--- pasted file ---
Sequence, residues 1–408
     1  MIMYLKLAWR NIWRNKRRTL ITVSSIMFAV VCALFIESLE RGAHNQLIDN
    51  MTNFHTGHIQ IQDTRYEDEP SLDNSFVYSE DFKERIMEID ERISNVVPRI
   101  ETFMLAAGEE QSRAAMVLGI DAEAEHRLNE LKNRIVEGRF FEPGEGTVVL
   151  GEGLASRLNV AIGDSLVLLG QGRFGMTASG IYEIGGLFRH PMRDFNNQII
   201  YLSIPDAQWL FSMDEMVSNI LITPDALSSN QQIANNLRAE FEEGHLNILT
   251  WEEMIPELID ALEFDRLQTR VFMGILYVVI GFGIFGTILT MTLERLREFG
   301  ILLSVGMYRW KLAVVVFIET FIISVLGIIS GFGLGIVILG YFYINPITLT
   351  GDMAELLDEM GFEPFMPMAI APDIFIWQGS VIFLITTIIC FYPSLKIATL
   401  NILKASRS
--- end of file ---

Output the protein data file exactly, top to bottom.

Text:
Sequence, residues 1–408
     1  MIMYLKLAWR NIWRNKRRTL ITVSSIMFAV VCALFIESLE RGAHNQLIDN
    51  MTNFHTGHIQ IQDTRYEDEP SLDNSFVYSE DFKERIMEID ERISNVVPRI
   101  ETFMLAAGEE QSRAAMVLGI DAEAEHRLNE LKNRIVEGRF FEPGEGTVVL
   151  GEGLASRLNV AIGDSLVLLG QGRFGMTASG IYEIGGLFRH PMRDFNNQII
   201  YLSIPDAQWL FSMDEMVSNI LITPDALSSN QQIANNLRAE FEEGHLNILT
   251  WEEMIPELID ALEFDRLQTR VFMGILYVVI GFGIFGTILT MTLERLREFG
   301  ILLSVGMYRW KLAVVVFIET FIISVLGIIS GFGLGIVILG YFYINPITLT
   351  GDMAELLDEM GFEPFMPMAI APDIFIWQGS VIFLITTIIC FYPSLKIATL
   401  NILKASRS